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Leveling Up: 4 ways to bring out the best in others

Know Your Value’s Mika Brzezinski and Keesha Boyd, an organizational psychologist and executive director of multicultural video and entertainment at Comcast, lay out a roadmap to bring out the best in others at work.
Keesha Boyd, Executive Director, Multicultural Video & Entertainment, Xfinity Consumer Services, Comcast NBCU.
Keesha Boyd, Executive Director, Multicultural Video & Entertainment, Xfinity Consumer Services, Comcast NBCU.Comcast NBCUniversal

A leader’s job is to inspire results from individuals on her team. But this can be easier said than done.

“I think as a strong leader, your job is to get the best out of your team, to equip them with whatever it is that they need to be able to do their best work for you and for your company,” said Keesha Boyd, an organizational psychologist and executive director of multicultural video and entertainment at Comcast.

As part of Know Your Value's "Leveling Up" series, Mika Brzezinski and Boyd recently chatted about four ways to truly bring out the best in your colleagues.

1. Ask what resources and tools an individual needs

“It’s incredibly important to start at that space of, what is it you need from me to do your best work?” Boyd explained.

Boyd said that’s always the first question she asks when she starts to manage someone. She asks the individual, “What do you need from me? What works best for you?”

“I ask how they like to be managed, and then I flex to that style,” Boyd said, adding that she will observe and adjust her approach if needed. While some individuals prefer regular check-ins, for example, others may prefer that they work autonomously and reach out to her manager when she needs some assistance.

2. Lead with the heart

Boyd said she recognizes that people are people first. She believes that she is heart-led and person-centered as a leader and a colleague, and that has served her well over the years. “Yes, their job is to do X, Y, Z for this company, but they’re an individual… They’re somebody’s mother, friend, sister, wife maybe,” Boyd said. “If you start at the place where this is an individual and a person and most people want to do good work, then as someone maybe off-course or off-kilter, you realize they need more help,” she said.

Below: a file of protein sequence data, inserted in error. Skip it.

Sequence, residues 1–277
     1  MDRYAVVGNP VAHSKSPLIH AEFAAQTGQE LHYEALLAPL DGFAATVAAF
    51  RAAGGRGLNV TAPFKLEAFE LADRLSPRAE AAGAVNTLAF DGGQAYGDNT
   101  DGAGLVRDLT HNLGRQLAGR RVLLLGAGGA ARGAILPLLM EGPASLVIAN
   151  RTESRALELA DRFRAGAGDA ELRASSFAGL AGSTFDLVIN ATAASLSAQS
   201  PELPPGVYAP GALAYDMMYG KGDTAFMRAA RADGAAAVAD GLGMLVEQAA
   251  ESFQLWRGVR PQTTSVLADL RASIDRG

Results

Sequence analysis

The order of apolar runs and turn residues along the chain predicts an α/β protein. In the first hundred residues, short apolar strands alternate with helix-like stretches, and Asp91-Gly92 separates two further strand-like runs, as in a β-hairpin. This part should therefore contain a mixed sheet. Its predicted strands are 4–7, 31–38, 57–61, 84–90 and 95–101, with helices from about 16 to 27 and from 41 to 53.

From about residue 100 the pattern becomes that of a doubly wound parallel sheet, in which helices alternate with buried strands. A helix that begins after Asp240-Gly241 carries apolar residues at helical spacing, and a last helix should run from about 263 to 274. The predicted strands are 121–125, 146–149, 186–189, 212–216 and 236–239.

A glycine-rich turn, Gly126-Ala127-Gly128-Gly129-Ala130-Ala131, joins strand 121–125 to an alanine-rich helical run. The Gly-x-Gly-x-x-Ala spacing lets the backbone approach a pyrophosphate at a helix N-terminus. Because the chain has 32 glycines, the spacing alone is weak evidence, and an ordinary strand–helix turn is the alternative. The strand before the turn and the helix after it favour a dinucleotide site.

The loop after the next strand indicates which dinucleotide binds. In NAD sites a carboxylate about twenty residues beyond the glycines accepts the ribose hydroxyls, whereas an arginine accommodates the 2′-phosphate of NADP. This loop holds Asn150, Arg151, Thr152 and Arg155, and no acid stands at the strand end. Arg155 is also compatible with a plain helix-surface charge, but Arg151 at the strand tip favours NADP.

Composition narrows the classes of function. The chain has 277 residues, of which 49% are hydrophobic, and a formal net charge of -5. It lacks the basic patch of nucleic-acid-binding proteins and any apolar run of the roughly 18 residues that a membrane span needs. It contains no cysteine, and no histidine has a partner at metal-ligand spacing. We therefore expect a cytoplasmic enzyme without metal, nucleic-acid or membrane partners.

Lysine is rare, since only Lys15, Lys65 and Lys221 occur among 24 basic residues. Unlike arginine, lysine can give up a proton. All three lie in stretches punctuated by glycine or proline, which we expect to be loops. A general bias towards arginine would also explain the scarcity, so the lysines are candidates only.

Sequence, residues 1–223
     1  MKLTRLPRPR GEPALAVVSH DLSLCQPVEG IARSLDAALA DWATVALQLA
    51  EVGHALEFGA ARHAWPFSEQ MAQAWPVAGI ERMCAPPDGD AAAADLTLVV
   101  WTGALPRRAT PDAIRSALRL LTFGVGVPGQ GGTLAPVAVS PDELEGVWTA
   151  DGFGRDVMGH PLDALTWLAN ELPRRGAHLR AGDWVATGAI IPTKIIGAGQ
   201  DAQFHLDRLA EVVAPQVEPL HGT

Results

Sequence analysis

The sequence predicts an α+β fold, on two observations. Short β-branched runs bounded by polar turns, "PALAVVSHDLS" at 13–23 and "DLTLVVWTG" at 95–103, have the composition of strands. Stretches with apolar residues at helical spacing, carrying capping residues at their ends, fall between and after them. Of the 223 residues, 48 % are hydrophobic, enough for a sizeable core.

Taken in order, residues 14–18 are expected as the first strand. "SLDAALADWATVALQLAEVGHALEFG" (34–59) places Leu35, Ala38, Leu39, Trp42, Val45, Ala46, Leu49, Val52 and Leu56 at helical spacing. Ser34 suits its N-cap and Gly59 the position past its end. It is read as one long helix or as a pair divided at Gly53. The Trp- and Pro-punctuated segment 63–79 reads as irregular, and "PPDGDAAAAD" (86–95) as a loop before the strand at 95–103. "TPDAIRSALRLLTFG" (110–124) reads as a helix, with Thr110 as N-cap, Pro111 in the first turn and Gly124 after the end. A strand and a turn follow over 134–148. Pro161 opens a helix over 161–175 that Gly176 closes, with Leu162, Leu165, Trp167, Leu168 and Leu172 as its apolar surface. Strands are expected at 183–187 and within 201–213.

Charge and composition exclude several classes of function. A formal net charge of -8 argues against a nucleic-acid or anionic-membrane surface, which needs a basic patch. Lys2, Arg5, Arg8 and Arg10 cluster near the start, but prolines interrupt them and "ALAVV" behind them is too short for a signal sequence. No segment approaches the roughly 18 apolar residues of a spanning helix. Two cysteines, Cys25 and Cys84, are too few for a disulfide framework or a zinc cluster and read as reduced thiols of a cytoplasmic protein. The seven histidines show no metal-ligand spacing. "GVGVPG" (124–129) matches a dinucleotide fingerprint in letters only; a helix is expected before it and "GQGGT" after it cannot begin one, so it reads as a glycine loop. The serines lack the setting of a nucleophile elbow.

Boyd said she identifies whether a team member needs more resources, more training, more modeling, and so on. This could involve inviting your colleague to a meeting so she can see how you manage it or having them CC you on emails so that you can evaluate their communication style.

“When you lead with your heart, you’re coming from a space of recognizing that everyone wants to do good work, everyone wants to be treated well and treated fairly, and people want to enjoy the time that they’re spending.”

This approach encourages employees to be honest and candid with you about what is going on with them.

Brzezinski encouraged employees to ask for what they need to be successful. "If your employer values what you do, and if you value the job, having the ability to communicate and having them know who you are, is the path to success and a long career," she said.

3. Be mindful about the way you provide feedback

Boyd recommends the “FYI Book,” which she said is the quintessential development roadmap. “It breaks down a myriad of certain skills and competencies, and it breaks it down into an overused skills vs. an underused skill vs. an appropriately applied skill,” she explained. It ensures you have the right language to be able to frame your feedback and to help describe whether someone is coming off a bit timid or needs improvement in another area. Boyd added that it provides great advice on how to lead conversations about employee feedback

Also remind an individual that if you’re getting feedback, that’s good news. It’s something you should take with grace and eagerness to improve. “If you weren’t worth the time, you wouldn’t be getting the feedback,” Brzezinski said.

4. Don’t shy away from differences

“There’s a battery of research out there that shows that women and people of color often don’t get the critical feedback they need in order to improve,” Boyd explained. “If you feel that you don’t quite have the language to say a thing, start there,” she added. Try something like, “I’m not sure if I have the right language to describe this, but I’m going to give it a shot,” she said. “Toy with the words, give it space to breathe, and if you are a leader who is leading from a heart-centered space, your employee is going to feel that.”

“You want to bring out the best in others, but let others bring out the best in you as well,” Brzezinski added.